What is Bluesky, the potential Twitter alternative being tested by former CEO Jack Dorsey?

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With auspicious timing, a small tech firm founded by Twitter's former chief executive Jack Dorsey has announced the launch of a new social network just as Elon Musk completes his $44 billion buyout of Twitter itself.

Bluesky, a public benefit corporation designed to build a new "open and decentralised" form of social media that is not controlled by any single company, said earlier this month that it will soon release a public test app called Bluesky Social.

Yet Bluesky is not a rival to Twitter so much as a spin-off, created and funded by its parent company in the hope of one day adopting its technology. Mr Dorsey has since said he believes in Mr Musk's plan for Twitter "with all [his] heart"

The question is whether Mr Musk, the richest person on Earth and the boss of both Tesla and SpaceX, is really interested in Bluesky's vision of liberation from corporate control – especially now that he controls the purse strings.

So what exactly is Bluesky, and could it ever prove to be a thorn in Mr Musk's side?

Bluesky is Dorsey’s answer to the failures of Twitter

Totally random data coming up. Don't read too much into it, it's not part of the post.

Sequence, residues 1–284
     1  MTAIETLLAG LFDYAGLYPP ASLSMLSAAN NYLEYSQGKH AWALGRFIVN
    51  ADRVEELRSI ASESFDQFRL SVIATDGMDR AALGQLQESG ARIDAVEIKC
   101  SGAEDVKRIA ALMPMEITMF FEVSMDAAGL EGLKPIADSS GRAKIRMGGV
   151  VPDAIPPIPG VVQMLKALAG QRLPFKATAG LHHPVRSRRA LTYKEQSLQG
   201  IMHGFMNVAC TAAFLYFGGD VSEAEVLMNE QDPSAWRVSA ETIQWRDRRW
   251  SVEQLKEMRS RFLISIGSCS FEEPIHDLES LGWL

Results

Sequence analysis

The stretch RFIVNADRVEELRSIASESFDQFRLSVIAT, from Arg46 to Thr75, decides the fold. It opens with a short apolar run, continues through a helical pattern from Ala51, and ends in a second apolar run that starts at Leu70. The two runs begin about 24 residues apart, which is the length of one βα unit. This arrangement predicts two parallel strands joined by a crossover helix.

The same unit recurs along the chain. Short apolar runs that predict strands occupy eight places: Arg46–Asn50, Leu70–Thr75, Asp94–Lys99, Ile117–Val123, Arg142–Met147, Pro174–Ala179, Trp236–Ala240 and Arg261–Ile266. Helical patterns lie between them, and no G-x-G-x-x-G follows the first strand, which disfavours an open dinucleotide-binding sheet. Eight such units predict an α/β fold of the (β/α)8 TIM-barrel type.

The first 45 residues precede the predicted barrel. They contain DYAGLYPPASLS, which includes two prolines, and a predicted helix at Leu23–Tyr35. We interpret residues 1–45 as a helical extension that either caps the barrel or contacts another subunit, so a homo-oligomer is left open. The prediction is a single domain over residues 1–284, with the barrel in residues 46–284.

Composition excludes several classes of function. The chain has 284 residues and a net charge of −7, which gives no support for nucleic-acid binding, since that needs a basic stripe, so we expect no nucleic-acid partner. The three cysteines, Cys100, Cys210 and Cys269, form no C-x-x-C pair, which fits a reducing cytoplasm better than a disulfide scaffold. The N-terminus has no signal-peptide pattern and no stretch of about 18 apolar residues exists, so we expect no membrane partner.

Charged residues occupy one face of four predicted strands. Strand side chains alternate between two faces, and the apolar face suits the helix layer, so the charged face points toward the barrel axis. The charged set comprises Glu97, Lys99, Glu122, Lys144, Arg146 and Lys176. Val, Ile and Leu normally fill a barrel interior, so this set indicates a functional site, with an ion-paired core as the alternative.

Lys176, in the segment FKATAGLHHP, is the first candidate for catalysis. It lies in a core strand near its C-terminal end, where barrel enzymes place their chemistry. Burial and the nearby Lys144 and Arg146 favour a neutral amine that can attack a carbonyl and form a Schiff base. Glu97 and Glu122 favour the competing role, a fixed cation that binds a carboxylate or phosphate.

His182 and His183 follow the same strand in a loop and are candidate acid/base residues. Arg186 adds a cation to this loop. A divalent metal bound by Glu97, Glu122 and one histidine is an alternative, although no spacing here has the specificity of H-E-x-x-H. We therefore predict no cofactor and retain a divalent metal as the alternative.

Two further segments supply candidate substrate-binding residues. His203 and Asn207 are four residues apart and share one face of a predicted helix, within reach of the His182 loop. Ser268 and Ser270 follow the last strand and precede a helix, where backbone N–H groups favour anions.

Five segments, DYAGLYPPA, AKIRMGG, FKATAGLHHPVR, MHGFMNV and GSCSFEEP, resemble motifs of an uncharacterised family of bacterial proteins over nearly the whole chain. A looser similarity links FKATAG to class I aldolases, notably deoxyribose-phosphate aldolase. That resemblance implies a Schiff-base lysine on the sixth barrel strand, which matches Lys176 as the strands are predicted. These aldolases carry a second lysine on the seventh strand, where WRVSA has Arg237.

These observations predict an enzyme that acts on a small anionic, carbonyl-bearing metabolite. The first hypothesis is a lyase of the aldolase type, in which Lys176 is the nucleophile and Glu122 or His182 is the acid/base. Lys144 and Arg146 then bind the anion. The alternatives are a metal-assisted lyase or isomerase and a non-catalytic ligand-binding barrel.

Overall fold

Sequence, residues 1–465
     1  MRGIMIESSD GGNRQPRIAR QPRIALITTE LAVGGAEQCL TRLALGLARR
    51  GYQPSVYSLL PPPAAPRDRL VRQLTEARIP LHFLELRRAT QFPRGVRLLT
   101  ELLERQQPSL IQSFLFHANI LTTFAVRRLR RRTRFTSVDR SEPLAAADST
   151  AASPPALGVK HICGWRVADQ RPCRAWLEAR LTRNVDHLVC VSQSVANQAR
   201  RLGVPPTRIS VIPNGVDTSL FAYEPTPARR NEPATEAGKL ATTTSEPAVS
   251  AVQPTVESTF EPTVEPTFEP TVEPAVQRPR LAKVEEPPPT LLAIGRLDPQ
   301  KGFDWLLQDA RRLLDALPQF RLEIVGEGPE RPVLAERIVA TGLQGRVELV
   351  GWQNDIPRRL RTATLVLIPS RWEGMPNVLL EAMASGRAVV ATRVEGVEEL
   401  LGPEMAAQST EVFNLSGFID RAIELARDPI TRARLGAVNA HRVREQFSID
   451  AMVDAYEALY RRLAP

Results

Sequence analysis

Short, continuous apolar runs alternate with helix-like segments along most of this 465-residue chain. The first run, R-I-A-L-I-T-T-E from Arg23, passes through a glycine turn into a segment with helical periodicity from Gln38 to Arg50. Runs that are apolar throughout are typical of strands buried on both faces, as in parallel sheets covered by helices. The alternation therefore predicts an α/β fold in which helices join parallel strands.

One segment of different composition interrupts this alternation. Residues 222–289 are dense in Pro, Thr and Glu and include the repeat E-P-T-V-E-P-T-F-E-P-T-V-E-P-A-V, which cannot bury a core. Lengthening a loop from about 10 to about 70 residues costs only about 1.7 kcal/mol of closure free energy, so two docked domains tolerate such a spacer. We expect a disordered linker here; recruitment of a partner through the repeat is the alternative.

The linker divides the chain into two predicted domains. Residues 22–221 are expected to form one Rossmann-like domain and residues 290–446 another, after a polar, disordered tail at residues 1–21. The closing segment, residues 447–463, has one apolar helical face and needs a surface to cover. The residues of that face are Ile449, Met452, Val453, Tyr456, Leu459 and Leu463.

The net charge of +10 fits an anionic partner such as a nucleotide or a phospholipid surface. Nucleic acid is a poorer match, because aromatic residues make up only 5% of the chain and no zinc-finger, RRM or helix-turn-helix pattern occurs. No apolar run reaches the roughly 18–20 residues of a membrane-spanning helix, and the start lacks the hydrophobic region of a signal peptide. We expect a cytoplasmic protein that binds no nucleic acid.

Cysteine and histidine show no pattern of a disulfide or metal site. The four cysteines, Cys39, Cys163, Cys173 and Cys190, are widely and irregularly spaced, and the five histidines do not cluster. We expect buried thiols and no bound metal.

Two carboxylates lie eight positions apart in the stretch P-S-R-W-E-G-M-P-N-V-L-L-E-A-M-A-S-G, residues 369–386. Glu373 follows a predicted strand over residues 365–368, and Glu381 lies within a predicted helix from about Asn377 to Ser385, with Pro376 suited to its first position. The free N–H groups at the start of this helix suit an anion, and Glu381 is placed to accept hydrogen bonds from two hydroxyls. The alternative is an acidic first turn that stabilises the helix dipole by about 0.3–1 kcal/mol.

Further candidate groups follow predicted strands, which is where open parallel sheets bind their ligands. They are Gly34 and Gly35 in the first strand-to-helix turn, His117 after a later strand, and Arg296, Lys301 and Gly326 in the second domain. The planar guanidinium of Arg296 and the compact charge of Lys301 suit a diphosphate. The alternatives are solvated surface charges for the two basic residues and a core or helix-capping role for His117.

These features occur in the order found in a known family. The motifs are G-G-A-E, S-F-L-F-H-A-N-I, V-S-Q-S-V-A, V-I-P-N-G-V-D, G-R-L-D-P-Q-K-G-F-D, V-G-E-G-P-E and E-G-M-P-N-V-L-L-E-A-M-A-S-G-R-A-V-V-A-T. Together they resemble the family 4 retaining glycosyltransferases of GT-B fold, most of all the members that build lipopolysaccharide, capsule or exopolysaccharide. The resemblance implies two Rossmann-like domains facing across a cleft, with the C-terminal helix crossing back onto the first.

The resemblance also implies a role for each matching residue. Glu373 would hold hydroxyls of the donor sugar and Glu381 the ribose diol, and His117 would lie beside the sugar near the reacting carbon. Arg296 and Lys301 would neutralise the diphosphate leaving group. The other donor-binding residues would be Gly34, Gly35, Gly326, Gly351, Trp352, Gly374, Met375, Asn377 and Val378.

Bluesky was first announced by Jack Dorsey in December 2019, when Silicon Valley was in the midst of a global "techlash" and preparing for a storm of misinformation and election interference in the run-up to the 2020 US election.

Like every other major social network, Twitter was struggling with a dilemma that its founders never wanted but nonetheless chose for themselves: how to regulate the speech of hundreds of millions of people without running the risk of overreaching (to say nothing of damaging the company's bottom line).

"Centralised enforcement of global policy to address abuse and misleading information is unlikely to scale over the long-term without placing far too much burden on people," Mr Dorsey wrote on Twitter.

The financial incentives facing social media firms, he added, "frequently lead to attention being focused on content and conversation that sparks controversy and outrage, rather than conversation which informs and promotes health".

Hence, he said Twitter would fund a "small independent team" of up to five software developers to create "an open and decentralised standard for social media", with the ultimate goal of moving Twitter itself onto this standard.